05 April 2010

SAS, the segregated airlines

The Scandinavian Airlines is bleeding. There are talks about selling to the competition, and giving it up entirely. For years I was a loyal customer, as once I have developed a good relationship with a brand, I tend to stick with it. In the case of SAS I had fond childhood memories of angelic stewardesses in sky blue uniforms (oh, check out the summer uniform 1963-83), mothering me as I crossed the country unaccompanied every summer, to stay with my grandparents. 

It was only natural I would stay with SAS, even in the case when I had to pay a little more. But then the concept changed, from the airline of the people to the airline of the business world. In an effort to pamper the business traveller, a new hierarchy was set in motion, allowing for the watering out of services, only offering the best to the most desirable customer. This is reflected all the way from the booking of the ticket, where your options as an economy traveller are... shall we say limited, to the journey itself. The Desirables go the short route to the air plane, while The Undesirables are asked to take a ridiculous detour. And once onboard, the in-flight entertainment consists of name calling, when at least a couple of times your status is pointed out to you (and everybody else). If you are so inclined, you may purchase a beverage or a sandwich, an offer followed by what closely resembles a reprimand: credit card payments preferred, only notes accepted, and only certain currencies. 

After a couple of trips like that, I lost that loving feeling. But as it turns out other airlines still treat you like a valued customer. No one is announcing your seat status, everybody is guided through the fastest way to the plane, and no matter the price of the seat, you are always greeted with a minimum of a muffin and a beverage. But it still makes me sad that SAS may be gone in a few years. And I have to wonder how things would have looked for my childhood airline, if only they had kept some of the worlds coolest uniforms, and continued to treat everybody like family.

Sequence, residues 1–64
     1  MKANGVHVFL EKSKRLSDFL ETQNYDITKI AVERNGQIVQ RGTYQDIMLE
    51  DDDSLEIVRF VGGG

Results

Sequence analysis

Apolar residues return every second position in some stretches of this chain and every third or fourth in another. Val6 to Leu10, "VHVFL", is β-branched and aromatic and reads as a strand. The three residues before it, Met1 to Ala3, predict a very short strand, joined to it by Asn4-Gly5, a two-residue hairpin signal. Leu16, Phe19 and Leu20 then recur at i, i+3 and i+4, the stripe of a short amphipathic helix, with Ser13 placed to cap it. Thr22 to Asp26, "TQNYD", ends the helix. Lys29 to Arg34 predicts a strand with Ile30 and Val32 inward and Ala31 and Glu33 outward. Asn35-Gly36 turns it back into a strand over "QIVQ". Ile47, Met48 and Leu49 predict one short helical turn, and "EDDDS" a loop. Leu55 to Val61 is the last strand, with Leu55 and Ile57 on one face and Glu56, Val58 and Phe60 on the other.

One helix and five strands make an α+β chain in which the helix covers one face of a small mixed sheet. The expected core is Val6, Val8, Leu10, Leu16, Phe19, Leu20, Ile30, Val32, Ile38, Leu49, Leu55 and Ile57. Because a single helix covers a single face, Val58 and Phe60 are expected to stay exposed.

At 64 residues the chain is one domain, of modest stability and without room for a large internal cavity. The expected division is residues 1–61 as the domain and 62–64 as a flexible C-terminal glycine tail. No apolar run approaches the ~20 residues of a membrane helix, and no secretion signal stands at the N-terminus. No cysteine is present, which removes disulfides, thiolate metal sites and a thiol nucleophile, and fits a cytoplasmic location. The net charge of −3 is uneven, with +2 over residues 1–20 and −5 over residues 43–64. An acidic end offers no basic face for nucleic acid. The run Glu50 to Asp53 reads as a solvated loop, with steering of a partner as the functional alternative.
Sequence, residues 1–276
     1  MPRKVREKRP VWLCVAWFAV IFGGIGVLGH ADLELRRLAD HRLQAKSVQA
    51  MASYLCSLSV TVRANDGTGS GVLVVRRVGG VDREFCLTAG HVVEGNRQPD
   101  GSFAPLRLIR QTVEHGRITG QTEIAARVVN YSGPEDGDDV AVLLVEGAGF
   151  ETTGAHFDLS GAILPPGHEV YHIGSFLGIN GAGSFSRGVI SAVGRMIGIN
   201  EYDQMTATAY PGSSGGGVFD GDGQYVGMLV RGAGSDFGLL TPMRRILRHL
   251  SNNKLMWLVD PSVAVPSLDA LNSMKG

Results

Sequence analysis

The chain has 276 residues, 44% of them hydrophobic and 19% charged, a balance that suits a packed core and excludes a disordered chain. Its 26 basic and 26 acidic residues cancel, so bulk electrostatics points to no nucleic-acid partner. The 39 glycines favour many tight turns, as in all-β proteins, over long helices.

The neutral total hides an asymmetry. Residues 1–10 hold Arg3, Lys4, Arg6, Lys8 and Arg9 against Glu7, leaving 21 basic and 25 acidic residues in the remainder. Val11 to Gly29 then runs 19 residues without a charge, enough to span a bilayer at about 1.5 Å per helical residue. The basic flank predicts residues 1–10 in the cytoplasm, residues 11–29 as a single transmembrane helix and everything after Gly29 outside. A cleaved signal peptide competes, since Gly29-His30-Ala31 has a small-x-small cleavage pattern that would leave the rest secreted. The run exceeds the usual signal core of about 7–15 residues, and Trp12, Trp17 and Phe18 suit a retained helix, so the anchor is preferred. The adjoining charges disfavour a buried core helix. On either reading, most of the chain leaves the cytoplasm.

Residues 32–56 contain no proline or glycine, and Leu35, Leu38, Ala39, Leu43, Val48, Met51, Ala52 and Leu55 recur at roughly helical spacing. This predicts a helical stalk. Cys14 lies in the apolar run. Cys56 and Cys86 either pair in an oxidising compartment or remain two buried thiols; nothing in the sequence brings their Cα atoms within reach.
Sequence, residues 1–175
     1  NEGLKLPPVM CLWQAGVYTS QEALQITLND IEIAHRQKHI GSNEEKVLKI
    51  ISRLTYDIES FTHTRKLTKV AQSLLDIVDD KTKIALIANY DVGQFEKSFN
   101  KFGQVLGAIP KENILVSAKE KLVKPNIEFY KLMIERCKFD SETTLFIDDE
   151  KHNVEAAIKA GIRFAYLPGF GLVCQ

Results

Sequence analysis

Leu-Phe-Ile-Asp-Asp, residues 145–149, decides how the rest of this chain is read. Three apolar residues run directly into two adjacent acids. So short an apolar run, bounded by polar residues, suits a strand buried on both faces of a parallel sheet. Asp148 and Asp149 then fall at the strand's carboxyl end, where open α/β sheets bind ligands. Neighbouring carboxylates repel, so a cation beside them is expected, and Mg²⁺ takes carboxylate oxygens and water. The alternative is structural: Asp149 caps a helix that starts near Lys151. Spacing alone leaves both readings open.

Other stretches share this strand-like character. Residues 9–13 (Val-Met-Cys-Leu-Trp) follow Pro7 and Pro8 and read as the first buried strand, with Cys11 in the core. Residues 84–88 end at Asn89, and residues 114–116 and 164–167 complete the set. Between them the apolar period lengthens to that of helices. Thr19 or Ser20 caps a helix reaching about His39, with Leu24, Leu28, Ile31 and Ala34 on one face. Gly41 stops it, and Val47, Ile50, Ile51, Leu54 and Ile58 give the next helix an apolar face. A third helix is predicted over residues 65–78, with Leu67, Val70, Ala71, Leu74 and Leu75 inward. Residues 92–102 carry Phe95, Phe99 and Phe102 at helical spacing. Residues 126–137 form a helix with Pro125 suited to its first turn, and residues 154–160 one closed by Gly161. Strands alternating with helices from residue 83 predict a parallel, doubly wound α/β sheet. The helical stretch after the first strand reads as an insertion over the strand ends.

I still get weak when I see an old SAS poster:

... by SAS (original), Otto Nielsen 1946 here.
SAS everywhere by air (original), Tor Hinnerud 1950 here.
No giraffes please, but almost everything else (reproduction), Aage Rasmussen here.
Chile (reproduction), De Ambrogio 1951 here.


  1. Jeg kan godt lide din blog!

  2. Fantastisk! Og det link der med uniformerne...mums. Der er nu noget ved SAS, f.eks. virker Uffe Ellemann-reklamen helt vildt godt på mig.

    Apropos: Jeg købte engang et par ting af Gunnar Nu Hansens barnebarn på et loppemarked; bla. den her: http://www.flickr.com/photos/fie_o/425480352/sizes/o/

  3. Hej P-E Fronning,
    Det er jeg rigtig glad for at høre, jeg kan nemlig også godt lide din blog. :-) Sandra

    Hej Fie,
    Det er jo netop det, man har følelser i klemme hos SAS, Ellemann-reklamen rammer også mig. Og når jeg ser det fantastiske isbjørne diplom er jeg også solgt. Det tager jo generationer at opbygge det forhold, så jeg undrer mig over at de i den grad har klattet det væk.